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Bringing county a high-speed network has been slow-going

  • Recorder/Paul Franz<br/>Rich Roth, who was involved early on with the effort to bring connections to rural communities, operates a Web-support firm out of his home in Greenfield.

    Recorder/Paul Franz
    Rich Roth, who was involved early on with the effort to bring connections to rural communities, operates a Web-support firm out of his home in Greenfield.

  • Recorder/Paul Franz<br/>Rich Roth, who was involved early on with the effort to bring connections to rural communities, operates a Web-support firm out of his home in Greenfield.

    Recorder/Paul Franz
    Rich Roth, who was involved early on with the effort to bring connections to rural communities, operates a Web-support firm out of his home in Greenfield.

  • Recorder/Paul Franz<br/>Linda Dunlavy, executive director of Franklin Regional Council of Governments, in the County Commissioners records room in the courthouse in Greenfield.<br/><br/>

    Recorder/Paul Franz
    Linda Dunlavy, executive director of Franklin Regional Council of Governments, in the County Commissioners records room in the courthouse in Greenfield.

  • Recorder/Paul Franz<br/>Rich Roth, who was involved early on with the effort to bring connections to rural communities, operates a Web-support firm out of his home in Greenfield.
  • Recorder/Paul Franz<br/>Rich Roth, who was involved early on with the effort to bring connections to rural communities, operates a Web-support firm out of his home in Greenfield.
  • Recorder/Paul Franz<br/>Linda Dunlavy, executive director of Franklin Regional Council of Governments, in the County Commissioners records room in the courthouse in Greenfield.<br/><br/>

(EDITOR’S NOTE: Like the rural electrification and development of a telephone system in the last century, building a multi-million-dollar telecommunications system across the region is seen as key to economic development and bridging the “digital divide” that becomes more important to how we live and do business. This is the second in a five-part series.)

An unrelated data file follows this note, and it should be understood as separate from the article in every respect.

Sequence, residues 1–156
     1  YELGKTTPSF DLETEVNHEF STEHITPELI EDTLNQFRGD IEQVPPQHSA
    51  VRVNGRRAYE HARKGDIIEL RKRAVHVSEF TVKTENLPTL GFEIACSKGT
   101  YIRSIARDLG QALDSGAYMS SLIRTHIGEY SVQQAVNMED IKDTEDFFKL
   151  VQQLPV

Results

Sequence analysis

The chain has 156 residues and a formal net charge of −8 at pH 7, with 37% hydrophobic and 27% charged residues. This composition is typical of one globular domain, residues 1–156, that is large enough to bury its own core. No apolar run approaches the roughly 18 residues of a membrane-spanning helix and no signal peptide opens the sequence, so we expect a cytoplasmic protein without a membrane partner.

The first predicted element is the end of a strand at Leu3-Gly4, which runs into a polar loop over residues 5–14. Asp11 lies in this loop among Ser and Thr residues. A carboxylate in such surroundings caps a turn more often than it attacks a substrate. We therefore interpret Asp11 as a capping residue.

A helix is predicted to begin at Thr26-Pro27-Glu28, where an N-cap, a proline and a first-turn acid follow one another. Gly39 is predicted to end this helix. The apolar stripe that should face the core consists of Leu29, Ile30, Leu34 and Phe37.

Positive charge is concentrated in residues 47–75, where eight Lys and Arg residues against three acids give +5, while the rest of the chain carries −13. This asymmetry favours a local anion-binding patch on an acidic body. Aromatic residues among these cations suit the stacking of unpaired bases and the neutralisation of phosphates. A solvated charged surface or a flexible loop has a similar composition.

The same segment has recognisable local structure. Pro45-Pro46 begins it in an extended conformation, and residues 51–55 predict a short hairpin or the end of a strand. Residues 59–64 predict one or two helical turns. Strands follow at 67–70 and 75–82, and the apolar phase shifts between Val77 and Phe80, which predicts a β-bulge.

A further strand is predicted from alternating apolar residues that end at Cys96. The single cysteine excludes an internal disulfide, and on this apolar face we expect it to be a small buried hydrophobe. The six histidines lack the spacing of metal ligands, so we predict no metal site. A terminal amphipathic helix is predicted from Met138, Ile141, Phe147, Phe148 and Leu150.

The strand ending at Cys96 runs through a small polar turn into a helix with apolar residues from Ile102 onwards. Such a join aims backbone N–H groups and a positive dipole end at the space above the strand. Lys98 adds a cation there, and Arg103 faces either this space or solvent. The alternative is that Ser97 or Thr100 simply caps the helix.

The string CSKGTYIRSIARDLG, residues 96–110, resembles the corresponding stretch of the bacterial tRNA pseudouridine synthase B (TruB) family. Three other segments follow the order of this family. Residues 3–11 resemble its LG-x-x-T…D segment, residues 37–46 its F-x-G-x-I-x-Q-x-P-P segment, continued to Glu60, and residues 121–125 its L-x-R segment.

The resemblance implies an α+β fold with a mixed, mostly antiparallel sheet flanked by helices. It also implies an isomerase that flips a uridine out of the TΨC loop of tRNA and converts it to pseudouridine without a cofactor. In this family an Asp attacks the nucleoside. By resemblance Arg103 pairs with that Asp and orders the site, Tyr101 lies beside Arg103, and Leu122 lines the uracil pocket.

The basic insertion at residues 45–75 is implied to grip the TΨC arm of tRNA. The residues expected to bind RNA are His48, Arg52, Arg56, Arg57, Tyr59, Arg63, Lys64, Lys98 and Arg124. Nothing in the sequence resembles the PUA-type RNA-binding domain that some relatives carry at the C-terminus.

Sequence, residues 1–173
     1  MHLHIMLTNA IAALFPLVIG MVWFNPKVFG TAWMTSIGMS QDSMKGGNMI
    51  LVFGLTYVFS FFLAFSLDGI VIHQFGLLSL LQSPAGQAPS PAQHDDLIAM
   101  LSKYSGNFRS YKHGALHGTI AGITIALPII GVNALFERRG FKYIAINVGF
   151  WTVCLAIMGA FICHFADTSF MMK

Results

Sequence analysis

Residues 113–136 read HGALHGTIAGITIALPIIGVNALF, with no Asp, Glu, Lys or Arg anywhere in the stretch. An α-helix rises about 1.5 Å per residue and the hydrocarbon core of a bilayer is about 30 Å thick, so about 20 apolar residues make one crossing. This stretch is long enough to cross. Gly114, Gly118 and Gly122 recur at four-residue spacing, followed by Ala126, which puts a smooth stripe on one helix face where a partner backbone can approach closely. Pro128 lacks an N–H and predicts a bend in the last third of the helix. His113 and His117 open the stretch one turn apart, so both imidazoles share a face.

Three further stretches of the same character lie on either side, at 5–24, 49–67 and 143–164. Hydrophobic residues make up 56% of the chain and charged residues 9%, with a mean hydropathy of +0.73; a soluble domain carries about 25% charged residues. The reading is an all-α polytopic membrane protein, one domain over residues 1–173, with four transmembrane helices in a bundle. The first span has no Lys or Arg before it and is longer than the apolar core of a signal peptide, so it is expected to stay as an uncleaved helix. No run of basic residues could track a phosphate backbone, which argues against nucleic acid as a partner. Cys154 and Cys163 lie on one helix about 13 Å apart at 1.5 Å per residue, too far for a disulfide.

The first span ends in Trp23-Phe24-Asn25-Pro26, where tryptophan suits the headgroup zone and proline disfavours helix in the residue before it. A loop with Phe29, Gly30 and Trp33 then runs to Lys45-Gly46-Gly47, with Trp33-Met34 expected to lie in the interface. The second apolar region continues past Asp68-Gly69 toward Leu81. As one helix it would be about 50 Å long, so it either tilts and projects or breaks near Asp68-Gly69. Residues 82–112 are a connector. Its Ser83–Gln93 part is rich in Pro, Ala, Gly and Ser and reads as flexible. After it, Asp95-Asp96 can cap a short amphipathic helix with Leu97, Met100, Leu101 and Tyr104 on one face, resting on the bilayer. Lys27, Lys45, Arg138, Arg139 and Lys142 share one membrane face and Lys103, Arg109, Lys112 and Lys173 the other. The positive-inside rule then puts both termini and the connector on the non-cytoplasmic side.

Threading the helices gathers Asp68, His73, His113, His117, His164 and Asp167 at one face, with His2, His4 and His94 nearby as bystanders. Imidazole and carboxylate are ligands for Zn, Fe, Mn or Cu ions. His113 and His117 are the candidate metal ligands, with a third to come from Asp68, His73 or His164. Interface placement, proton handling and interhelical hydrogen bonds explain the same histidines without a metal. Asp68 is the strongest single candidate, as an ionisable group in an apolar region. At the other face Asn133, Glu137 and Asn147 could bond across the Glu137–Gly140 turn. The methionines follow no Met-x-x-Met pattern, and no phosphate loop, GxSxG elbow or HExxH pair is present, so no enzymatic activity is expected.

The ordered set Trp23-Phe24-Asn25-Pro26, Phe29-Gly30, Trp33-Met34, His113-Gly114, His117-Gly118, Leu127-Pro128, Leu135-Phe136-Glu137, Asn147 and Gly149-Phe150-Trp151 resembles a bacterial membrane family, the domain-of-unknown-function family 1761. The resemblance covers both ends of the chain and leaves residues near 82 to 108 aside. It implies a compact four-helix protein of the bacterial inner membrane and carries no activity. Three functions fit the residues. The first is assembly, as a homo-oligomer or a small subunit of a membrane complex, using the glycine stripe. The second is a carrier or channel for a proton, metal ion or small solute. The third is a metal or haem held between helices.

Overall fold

“Like a new railroad line on the frontier or a new highway through a backwoods area, a length of fiber-optic cable being laid through Franklin County this year is being hailed as a critical economic investment tool for the region” a front-page Recorder story announced on March 19, 1998.

Many in the business community cheered the promise of a cable being installed along a high-tension power line right-of-way back then through Northfield, Montague, Sunderland and Leverett on its way from Manchester, N.H., to Springfield.

Yet the path from Franklin County’s dirt-road connections to information superhighway has been anything but straightforward, with town, regional and state officials trying keep up with economic dips and sinkholes as well as constant technological breakthroughs.

And now that Massachusetts Broadband Institute’s $71.6 million MassBroadband 123 is becoming a reality, with an official inauguration planned for Thursday, some of those players — including an impressive array of volunteers — say they can’t believe delivering affordable broadband to every home and business around the region is close at hand.